5) Be able to fully articulate your discovery in an easy to understand way.

Many inventors try to explain their inventions to others, but many other people cannot understand the concept. It is important that inventors make sure their explanations are easy to understand. If people do not understand your concept, they cannot help you!

If you are not good at such communication, then you should get an associate who can speak on your behalf.

Following a general overview summarized in just a few sentences, you can get into specifics, clarifying definitions, and explain the setup step by step. Don't just assume that someone will understand a concept. Make sure you explain everything, giving necessary details.

Also, before you go online and post the explanation of how your device works, do your homework and make sure your explanation is the best one you can come up with. There are usually a lot of reasons why something can be happening. Don't just assume that your first idea is the most accurate one.

Be willing to say, "I don't yet know fully how this works." It's better to focus on showing clearly that it does work, and let others come up with scientific models to describe how it works.

6) Try to use standard terminology.

Some inventors use their own made up terms for measurement units, types of force, and for different things that are taking place in their devices. Some of this cannot be helped when dealing with breakthrough devices that may not abide exactly by the known lays of physics. However, some of this can be helped, and quite often the inventor needs to have a better understanding of standard physics, and the terms used.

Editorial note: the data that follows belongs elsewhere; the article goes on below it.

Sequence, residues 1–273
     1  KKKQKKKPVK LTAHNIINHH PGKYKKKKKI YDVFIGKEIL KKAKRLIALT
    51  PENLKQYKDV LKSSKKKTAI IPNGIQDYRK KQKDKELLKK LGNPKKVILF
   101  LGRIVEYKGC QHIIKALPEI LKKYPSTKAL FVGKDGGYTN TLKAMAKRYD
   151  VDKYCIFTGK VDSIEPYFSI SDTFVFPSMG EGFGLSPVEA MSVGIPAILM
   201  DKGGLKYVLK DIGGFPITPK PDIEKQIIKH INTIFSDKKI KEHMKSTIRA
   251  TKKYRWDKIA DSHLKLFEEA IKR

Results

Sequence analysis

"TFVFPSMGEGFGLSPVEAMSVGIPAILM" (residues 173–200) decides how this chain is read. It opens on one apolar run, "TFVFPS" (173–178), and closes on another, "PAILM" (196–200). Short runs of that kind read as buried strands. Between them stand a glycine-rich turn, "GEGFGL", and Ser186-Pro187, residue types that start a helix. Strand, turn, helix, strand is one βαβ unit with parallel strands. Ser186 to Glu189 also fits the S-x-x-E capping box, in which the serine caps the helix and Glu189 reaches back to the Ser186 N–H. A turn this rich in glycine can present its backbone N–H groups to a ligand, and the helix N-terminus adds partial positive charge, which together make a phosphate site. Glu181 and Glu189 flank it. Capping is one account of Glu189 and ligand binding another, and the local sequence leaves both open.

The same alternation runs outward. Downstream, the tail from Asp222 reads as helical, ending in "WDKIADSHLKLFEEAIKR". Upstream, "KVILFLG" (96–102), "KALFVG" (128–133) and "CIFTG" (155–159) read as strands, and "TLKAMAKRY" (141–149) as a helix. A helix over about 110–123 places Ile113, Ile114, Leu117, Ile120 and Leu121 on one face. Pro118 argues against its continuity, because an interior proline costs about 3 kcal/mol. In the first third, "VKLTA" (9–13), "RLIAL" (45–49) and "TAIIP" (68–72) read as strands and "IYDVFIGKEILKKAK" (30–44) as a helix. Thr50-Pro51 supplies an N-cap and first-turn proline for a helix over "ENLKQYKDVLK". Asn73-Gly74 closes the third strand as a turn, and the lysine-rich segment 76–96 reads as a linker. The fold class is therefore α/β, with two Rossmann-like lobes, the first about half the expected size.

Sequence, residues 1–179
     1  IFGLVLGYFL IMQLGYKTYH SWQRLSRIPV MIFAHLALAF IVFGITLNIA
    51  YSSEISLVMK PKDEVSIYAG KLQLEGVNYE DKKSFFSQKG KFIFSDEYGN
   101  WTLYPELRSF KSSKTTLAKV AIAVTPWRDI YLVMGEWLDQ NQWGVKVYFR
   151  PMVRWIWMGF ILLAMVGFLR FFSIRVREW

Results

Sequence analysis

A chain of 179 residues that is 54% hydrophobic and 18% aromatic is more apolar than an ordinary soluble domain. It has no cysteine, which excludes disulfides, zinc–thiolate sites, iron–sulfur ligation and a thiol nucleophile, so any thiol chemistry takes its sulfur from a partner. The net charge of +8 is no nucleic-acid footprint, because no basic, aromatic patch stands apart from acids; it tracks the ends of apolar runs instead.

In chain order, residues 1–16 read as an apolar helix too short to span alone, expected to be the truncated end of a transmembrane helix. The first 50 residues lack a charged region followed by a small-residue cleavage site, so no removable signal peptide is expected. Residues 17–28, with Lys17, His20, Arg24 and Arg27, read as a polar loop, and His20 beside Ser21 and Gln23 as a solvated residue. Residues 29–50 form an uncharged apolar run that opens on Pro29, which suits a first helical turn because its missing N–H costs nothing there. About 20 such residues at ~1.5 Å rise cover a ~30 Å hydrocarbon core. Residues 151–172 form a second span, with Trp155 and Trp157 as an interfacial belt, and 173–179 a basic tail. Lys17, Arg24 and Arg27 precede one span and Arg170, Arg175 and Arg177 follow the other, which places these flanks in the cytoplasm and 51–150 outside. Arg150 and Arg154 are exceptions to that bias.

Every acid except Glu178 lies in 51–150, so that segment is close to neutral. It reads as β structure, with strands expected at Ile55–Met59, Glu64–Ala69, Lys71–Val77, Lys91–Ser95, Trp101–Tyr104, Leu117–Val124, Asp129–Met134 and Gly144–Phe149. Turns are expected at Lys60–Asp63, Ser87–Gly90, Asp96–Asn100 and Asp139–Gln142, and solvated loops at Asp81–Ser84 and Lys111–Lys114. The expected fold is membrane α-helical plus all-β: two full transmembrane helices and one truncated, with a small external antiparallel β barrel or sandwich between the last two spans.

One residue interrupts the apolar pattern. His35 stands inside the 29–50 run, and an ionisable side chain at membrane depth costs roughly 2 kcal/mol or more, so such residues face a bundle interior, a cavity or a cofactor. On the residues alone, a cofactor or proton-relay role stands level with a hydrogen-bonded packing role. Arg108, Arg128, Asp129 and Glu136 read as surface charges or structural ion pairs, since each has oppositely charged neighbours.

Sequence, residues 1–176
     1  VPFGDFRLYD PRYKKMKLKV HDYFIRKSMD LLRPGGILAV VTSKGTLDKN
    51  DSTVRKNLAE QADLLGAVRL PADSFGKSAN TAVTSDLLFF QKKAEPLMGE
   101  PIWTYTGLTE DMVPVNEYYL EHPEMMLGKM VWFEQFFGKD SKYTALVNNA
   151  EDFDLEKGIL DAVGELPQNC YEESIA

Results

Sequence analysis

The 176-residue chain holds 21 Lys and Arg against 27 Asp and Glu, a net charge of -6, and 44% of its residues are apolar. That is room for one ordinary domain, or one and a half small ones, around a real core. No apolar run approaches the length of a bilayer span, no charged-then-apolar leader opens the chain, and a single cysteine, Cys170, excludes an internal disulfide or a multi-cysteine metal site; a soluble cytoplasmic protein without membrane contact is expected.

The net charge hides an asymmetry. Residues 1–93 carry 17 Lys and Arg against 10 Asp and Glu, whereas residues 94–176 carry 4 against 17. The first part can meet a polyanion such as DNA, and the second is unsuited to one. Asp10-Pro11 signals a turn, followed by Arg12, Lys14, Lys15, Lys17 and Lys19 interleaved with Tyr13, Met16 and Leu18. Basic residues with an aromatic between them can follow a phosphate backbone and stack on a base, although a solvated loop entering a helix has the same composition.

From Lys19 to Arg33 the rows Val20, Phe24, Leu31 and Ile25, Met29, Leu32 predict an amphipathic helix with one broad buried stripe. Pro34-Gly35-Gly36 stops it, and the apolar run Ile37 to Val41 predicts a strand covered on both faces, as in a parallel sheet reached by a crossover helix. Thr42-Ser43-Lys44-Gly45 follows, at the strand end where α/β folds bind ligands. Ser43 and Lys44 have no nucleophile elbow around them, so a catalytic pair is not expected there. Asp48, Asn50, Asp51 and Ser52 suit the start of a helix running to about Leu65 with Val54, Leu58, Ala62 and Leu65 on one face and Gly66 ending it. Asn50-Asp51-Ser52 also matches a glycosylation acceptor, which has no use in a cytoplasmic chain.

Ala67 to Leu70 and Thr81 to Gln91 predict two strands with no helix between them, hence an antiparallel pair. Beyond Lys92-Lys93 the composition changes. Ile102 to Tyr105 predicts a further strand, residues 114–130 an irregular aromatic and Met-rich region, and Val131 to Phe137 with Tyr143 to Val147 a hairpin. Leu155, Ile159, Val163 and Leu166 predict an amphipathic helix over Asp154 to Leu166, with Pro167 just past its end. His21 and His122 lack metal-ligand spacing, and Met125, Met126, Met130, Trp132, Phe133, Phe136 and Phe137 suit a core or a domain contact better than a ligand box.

Again, if the inventor isn't a good communicator, he can designate an associate to speak on his behalf, and that person can be the one to translate the inventor's vernacular into terminology that others can readily understand.

7) Don't exaggerate or make false claims, EVER!

Many inventors are working on a shoe string budget, have to perform their work in the equivalent of a closet, and have countless obstacles to overcome. The stress can become overwhelming. This has made some inventors temporarily go to the "dark side" and make exaggerations or false claims. Once these lies have been told, the inventors get caught in a string of additional lies, to support the previous ones.

To avoid getting caught up in a web of deceit, be honest about your testing and results. Don't make your results sound any worse than they are, or any better. Be honest and truthful at all times, even if you think telling a "white lie" might temporarily benefit you. In the long term, those white lies are likely to come back to haunt you.

By being honest and truthful, you can gain a reputation of sincerity among your peers in the alternative energy community. Instead of being seen as potential liar, you will be seen as someone who is trustworthy. Such a positive reputation can help you obtain far more help and support than a legacy of being an exaggerator, or at worst, a liar.